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I've tried masking tape, and I've tried using the little collar dealies that attach a hole saw to the bit, but wood shavings can push both further up the bit, or they can come off or work loose. If you wanna be 100%, Just cut off the butt end of the drill bit so that only the amount you need is protruding. Or just don't drill the full depth and let the screws do the final bit of drilling using a sort of quarter turn forwards, eighth turn back motion. It sounds like you're talking about drilling the neck for the screws that hold it on, right? I'm not sure why you need to be so accurate. You're not going to split the wood by letting the screw make the last 1/8th inch of the hole. As for measuring...I just use a ruler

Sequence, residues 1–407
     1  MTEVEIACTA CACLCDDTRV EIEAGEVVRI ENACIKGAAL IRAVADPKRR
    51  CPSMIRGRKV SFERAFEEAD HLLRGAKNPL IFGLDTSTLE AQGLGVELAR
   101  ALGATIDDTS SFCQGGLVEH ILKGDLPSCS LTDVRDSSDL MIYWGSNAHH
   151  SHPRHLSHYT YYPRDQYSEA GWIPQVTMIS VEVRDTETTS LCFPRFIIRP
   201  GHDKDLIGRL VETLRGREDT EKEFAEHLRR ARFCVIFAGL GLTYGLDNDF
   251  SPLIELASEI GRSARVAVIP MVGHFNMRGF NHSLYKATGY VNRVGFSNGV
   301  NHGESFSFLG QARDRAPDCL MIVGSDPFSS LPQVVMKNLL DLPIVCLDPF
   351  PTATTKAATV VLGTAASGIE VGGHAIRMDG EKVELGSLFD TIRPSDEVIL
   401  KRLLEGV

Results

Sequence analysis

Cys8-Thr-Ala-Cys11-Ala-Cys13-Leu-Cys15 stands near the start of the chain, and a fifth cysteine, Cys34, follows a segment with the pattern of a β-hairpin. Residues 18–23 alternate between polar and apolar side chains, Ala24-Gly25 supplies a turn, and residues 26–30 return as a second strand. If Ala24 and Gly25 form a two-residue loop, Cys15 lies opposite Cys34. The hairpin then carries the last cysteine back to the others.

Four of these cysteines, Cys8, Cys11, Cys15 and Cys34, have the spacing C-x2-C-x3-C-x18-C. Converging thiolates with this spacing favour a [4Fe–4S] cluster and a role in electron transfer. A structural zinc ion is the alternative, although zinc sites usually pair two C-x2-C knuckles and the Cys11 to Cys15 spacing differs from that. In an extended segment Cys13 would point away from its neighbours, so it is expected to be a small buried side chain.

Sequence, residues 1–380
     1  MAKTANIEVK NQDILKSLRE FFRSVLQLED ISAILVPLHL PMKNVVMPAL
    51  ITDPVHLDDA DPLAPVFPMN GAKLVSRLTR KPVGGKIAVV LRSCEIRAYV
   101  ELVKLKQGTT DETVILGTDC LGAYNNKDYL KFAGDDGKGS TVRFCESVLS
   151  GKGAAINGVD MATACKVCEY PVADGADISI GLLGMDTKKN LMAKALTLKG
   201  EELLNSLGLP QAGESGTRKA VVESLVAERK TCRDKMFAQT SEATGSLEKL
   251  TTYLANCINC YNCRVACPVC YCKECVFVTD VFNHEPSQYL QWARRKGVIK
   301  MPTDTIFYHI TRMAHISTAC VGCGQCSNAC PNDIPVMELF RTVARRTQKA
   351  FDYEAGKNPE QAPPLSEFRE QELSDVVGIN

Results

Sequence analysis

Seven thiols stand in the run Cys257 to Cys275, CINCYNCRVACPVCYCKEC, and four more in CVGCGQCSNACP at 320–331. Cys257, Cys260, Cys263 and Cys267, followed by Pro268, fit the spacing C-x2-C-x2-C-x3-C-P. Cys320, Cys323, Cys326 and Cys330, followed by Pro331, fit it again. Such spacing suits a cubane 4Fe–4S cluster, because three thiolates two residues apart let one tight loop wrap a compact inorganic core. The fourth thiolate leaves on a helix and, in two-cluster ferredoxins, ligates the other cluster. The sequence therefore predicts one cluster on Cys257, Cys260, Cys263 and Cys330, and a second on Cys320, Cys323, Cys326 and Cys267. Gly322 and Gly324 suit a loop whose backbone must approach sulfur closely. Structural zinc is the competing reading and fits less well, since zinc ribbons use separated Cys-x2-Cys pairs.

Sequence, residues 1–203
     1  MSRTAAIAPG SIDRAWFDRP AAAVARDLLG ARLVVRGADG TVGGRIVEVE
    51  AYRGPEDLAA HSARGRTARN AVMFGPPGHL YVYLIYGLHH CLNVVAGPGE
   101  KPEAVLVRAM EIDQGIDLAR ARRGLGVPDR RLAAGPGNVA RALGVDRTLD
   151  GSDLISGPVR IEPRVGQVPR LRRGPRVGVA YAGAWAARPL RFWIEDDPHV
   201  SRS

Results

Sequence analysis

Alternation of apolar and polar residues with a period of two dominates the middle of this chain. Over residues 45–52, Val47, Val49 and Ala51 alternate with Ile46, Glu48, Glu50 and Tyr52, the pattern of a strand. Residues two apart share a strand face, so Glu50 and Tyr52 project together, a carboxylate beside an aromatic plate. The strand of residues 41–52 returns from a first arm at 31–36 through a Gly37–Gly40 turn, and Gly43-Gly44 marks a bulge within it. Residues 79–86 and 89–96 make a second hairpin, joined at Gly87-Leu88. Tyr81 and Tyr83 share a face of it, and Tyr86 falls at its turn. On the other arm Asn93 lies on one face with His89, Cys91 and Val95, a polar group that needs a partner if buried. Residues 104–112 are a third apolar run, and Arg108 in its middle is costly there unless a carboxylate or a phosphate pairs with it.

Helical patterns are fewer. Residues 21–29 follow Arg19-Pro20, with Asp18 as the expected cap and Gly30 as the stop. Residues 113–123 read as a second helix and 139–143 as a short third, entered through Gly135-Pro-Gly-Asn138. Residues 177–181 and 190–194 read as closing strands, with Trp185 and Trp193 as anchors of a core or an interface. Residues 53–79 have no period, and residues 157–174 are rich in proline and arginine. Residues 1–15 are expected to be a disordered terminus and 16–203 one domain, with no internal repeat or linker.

So, I like so set things like control plates, pickup rings (the flat kind), switch plates, etc into recesses the same depth as the part, and a little larger in footprint so it gives the appearance of a quare sided trench around the part. It looks kinda cool. BUT it's a pain to do. I have an 8mm router and finding bits for it is a pain. Template cutters don't have a small enough radius for the corners quite often, so I have to use an 8mm cutter and use the shank against the template. But because of how shallow the recess is, I need to make a template, then attach the template to a thick piece of wood and route that out too to make an extra thick template to give me the stand-off I need to make such a shallow route while still keeping the shank against the template. It's a total pain. I don't wanna make a thin top separately and cut out the recesses. Though...if I were going to paint the guitar a solid colour I totally would. I'm thinking of taking a normal straight 8mm cutter and somehow cutting it down in height, but I have a feeling those carbide blades are just glued in and would probably break free and fly away during the operation. I know a pin router would solve all this, but I make like one guitar every couple of years, or whenever I feel like it. I don't do it as a business and can't justify the expense. Any ideas? I make the initial template out of hardboard and reinforce the edge with soome CA. I actually use the router too route the template, and use teeny sanding blocks to finish it up nice and neat. Then attach it to a couple of old pine shelves or something for thickness. It's just a really inefficient process. I can't just use some scrap wood to raise the template, cus I need the bottom of the template to be accurate too so I can get it in exactly the right place. I can't do that if the template is up an inch or two off the guitar. Maybe I can make the first hardboard template, then use some blocks as spacers and attach a second piece of hardboard as the "bottom" part of the template, and then use the router to match the bottom template to the top template... Is there such thing as an 8mm shank straight cutter with 8mm cutter diameter without the unneccessarily big gap between the shank and where the cutters begin, and which has a depth of not more than say 5mm? If the router had a round base, I could make an oversized template to use the router base as a guide, but it's not round. I guess making a round base is an option but then I suddenly have to make huge templates and figure out how to extend the template design out by the right amount to compensate for the size of the router base. I'd try cutting down an 8mm drill bit, but I don't think that would leave the bottom of the route in a very tidy state.and I'm sure the speed of a router would overheat any drill bit pretty quickly. Every site I've looked on has an extremely limited selection of 8mm cutters, but surely something as simple as routing a shallow recess using a template shouldn't require all this MacGuyvering... A cutter like the one in the picture, would be perfect